A big debate is going on over what is better, grounding sheets or grounding mats. Both are fine, and what I can share about each method is only based on my personal experience. Grounding throws, plush pads and bands each provide an experience different from sheets and mats, but your body weight is used to improve optimal conductivity, and sleeping with a band attached to you is onerous. This narrows the debate down to mats versus bedsheets. Whether you're on #TeamDurability or you're cheering for #TeamComfort, grounding is the most beneficial lifestyle choice ever, and you should tell all of your loved ones about it.
Yes, these rubber/leather pseudo mats work, are indeed extremely durable, and they are more affordable than the sheets, but I find them great for my desk or other areas, and not my bed. My sleeping experience with them was uncomfortable. If you sleep on top of it, your skin winds up sticking to it. If you attempt to avoid that by placing it under your sheet, it feels as if you're sleeping on top of a cardboard box. While the mat is an excellent choice for grounding at your desk, workplace, or various areas around the home, the overall feeling of sleeping with the mat is uncomfortable and unnatural.
Pros: affordable, durable, use in multiple locations
Cons: bed discomfort
Grounding Sheets - #TeamComfort
The soft, fitted grounding sheets are truly comfortable. Period. They are also more expensive and they may not last a preferred length of time. How long they last really depends on how well you take care of it and yourself. They can last between 1-5 years, but it all depends on your level of cleanliness and personal hygiene. I understand why earthing launched the mats. This product is a business-savvy alternative for people whose lifestyle will not permit the time needed to care for the delicate earthing bedsheets. These sheets require additional care because the silver fibers are sensitive. If you don't change your bedsheets often or don't mind sleeping on your sheets often without first showering, then the mats may be a more cost-saving method of earthing. If you are willing to clean the sheets with just liquid soap and dry only on delicate, then this comfortable product seems the more suitable option.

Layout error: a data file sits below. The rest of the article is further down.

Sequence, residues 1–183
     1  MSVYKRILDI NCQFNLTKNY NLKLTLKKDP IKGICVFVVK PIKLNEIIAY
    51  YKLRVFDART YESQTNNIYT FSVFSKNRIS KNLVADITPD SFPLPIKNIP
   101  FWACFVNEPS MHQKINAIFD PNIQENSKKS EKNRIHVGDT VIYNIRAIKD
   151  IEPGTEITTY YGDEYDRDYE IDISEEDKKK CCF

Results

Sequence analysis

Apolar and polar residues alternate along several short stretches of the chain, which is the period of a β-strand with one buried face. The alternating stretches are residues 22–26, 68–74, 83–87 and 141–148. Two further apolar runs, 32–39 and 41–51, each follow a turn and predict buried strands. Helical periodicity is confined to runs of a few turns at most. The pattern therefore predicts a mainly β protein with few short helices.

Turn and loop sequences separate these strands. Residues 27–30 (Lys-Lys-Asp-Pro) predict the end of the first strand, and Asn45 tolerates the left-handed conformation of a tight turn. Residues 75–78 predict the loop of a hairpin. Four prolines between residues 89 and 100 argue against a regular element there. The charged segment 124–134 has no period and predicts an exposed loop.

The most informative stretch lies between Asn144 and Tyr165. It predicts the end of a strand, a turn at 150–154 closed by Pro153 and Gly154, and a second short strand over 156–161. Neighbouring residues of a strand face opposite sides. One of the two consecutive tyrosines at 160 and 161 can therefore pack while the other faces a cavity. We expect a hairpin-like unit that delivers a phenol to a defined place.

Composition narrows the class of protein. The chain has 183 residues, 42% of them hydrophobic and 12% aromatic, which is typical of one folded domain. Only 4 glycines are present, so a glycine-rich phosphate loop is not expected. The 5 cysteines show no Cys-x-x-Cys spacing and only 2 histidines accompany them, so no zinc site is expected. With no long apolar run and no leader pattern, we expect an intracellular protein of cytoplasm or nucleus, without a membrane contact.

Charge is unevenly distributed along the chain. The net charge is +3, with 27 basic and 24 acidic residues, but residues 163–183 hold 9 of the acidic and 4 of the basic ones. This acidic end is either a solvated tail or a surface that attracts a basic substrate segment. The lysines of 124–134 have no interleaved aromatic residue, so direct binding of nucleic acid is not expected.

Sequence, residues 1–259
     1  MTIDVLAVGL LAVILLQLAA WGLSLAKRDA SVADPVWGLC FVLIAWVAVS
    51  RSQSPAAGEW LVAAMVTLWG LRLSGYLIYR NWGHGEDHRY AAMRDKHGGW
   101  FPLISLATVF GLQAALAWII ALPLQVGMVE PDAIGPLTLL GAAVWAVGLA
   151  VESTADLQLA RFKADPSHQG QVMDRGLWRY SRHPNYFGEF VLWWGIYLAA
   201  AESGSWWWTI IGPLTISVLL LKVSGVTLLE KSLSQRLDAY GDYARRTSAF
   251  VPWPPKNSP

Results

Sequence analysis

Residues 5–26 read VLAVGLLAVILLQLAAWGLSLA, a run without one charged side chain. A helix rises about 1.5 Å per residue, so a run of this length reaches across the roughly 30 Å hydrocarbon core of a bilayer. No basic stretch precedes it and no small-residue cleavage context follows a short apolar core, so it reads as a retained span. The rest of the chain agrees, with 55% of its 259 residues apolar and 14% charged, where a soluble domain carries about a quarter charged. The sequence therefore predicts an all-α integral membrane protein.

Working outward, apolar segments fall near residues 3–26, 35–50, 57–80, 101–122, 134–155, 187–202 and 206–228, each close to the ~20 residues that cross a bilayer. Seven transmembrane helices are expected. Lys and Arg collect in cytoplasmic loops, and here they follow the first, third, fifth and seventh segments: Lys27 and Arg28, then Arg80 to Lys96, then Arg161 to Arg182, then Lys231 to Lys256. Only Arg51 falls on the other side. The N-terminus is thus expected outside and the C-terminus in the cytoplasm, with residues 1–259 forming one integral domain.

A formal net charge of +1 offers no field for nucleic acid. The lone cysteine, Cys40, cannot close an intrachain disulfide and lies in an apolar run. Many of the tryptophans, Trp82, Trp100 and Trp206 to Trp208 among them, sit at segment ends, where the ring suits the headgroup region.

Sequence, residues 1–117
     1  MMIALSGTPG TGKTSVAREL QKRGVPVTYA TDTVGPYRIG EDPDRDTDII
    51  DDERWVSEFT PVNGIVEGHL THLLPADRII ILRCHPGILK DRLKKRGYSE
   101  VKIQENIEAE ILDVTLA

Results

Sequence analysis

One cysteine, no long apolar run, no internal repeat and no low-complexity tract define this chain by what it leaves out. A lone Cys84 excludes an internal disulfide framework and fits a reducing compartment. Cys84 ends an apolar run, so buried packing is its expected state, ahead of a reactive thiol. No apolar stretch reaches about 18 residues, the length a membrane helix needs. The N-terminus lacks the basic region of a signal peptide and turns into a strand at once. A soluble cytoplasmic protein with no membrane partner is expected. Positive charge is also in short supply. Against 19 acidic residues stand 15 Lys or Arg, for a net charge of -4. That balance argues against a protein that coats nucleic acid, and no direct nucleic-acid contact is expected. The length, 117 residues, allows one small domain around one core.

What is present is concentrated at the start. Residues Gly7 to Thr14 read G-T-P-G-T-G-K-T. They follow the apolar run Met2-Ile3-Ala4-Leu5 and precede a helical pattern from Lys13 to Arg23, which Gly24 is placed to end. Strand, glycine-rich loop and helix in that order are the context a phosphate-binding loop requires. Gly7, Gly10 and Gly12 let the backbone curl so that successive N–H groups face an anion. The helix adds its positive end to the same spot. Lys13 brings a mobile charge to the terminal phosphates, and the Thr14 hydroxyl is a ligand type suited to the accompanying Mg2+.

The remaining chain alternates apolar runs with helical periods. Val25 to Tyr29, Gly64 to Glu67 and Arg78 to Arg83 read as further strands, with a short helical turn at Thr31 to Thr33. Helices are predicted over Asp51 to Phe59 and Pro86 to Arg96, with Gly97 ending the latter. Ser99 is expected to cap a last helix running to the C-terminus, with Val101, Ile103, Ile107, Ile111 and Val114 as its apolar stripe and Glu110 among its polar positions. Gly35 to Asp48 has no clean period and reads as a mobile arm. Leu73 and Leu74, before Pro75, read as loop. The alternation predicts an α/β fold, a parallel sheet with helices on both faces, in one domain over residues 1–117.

Pros: comfort, full-body contact with the product
Cons: price, care, durability
People who are practical and careful with spending are likely to choose the mats over the sheets. Those who are fussy sleepers, or just like the better things in life, are likely to purchase the sheets. I would also recommend purchasing a second sheet and a tester, to make sure that they are still in working condition after some time. As well, after a few washes, you can use them under your regular fitted sheet to extend its life.
This is all a matter of personal preference, but my view is that the level of sleeping discomfort with the mat is outweighed by the comfort offered with the sheets. I do not like the feel of sleeping on a cardboard box. If the average night's sleep is eight hours (ie. one-third of a day), one sleeps for one-third of one's life. If you live, say, 75 years, that's 25 years asleep, or 9,125 days. That is a lot of sleep to compromise by sleeping uncomfortably.